The Yule Goat is a Scandinavian tradition which involves making a great big goat out of straw and tying red ribbons round it. It seems to have started out life as some kind of harvest offering linked to Thor, whose preferred method of transport was a goat-drawn chariot. In the pre-Santa 19th century, Swedish people sometimes used to dress as goats to deliver presents. The Yule Goat, in other words, is a symbol of warmth, a symbol of generosity, a symbol of plenty.
The Gävle Goat, by contrast, is a symbol of a stubborn refusal to accept the blindingly obvious fact that people really like setting fire to giant goats made of straw. It stands as a monument to man’s pigheaded stupidity.
A bit of background here. In 1966 Stig Gavlén, an advertising consultant living in the eastern Swedish city of Gävle, came up with the idea of adorning the town with a giant yule goat in place of a public Christmas tree.
With the help of some local bigwigs, he made this dream a reality. The goat was 13 metres tall, 7 metres long and weighed three tonnes. It stood proudly in the city’s town square for the whole of December.
Then, on New Year’s Eve, someone burnt it down.
No matter, you might think. Christmas was over, it was insured, and, anyway, these things happen if you built a giant goat out of straw. So a local business group took over the sponsorship of the goat, and agreed to build a new one next year.
All was fine for a couple of years but, in 1969, it burnt down again. In 1970, it burnt down again: that time it lasted all of six hours. The business lobby group, a bit sick of seeing its goat go up in flames, stopped sponsoring it. But someone else took over, and the goats kept burning.
The Gävle Goat Wikipedia entry is, very possibly, the greatest page on the entirety of the internet. It’s pretty well footnoted but, as ever with Wikipedia, salt must be taken. Nonetheless, some extracts:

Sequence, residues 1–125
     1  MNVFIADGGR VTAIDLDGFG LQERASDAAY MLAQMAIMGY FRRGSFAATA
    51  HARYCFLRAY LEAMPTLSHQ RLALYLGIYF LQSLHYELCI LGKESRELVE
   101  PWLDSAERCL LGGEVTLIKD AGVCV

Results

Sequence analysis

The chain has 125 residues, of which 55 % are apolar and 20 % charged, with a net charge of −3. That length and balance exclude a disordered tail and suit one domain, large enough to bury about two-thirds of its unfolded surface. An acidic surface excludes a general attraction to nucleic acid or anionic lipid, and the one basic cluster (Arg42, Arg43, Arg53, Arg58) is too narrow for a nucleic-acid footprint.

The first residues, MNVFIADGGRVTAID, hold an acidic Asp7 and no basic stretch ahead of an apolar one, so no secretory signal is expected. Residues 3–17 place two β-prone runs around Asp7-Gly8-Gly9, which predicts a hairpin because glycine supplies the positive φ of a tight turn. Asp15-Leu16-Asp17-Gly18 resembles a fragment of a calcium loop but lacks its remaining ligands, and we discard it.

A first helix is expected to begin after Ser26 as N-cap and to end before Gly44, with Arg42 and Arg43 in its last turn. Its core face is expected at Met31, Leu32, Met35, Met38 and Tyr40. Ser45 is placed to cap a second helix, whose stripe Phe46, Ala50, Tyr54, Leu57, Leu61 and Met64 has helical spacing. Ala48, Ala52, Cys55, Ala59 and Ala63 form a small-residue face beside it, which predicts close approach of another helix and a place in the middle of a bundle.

1972: The goat collapsed because of sabotage.
1976: Hit by a car.
1978: Again, the goat was kicked to pieces.
1979: The goat was burnt even before it was erected. A new one was built and fireproofed. It was destroyed and broken into pieces.
...and on it goes. In 1983, the legs are destroyed. In 1985, the town erects a 2 metre high metal fence, hires security and leaves soldiers from the local infantry regiment on guard. It lasts until January, then it burns down.
In 1986, apparently not put off by any of this, the business lobby decide they want a piece of the action once again, and start building their own goat. From then onwards, some years, there are two goats. That just means there are twice as many goats to burn.
By 1988 the burning of the goat has become such a tradition that, a thousand miles away in England, people are placing bets on when it will go up in smoke. In 1998 there’s a major blizzard on the night of 11 December, and the volunteer guards go to get some coffee on the assumption that you can’t burn a goat in a snowstorm. This assumption turns out to be wrong.
The remains of the goat. 12 December, 1998. Image: Wikimedia Commons.
In 2001, a guy from Cleveland Ohio, who’s only in the country for three weeks, burns the goat again, because he thinks it’s part of the tradition, and it’s worth quoting Wikipedia once again on this:
The court confiscated Jones’s cigarette lighter with the argument that he clearly was not able to handle it. Jones stated in court that he was no “goat-burner”, and believed that he was taking part in a completely legal goat-burning tradition.
In 2005 the goat is burned by two guys, one dressed as Santa and the other as the gingerbread man. By 2006 they’re storing the goat in a secret location. They need a secret location for their giant straw goat.
In 2013, they soaked the goat in an anti-flammable liquid. Guess what happened on 21 December?
In all, something like half the goats built in Gävle since the tradition began have burnt down. Another chunk have been destroyed in some other way. The survival rate for these things is barely one in three.
On, and in 1968 a couple had sex in it, but apparently that time it survived.
There are two lessons here. One is that festive traditions are pretty mutable. The Gävle authorities think the tradition is erecting the giant Yule Goat. Everyone else thinks the tradition is trying to set fire to it. Both these traditions have co-existed happily, sort of, for nearly half a century.
The other lesson is that people really like setting fire to goats.
For those who are interested in the fate of the goat this year, the authorities have helpfully set up the Gavlebocken Twitter feed. "I’m the biggest straw goat in the world," it says. "Follow my struggle to survive arson attacks."
At time of writing, the goat is still there.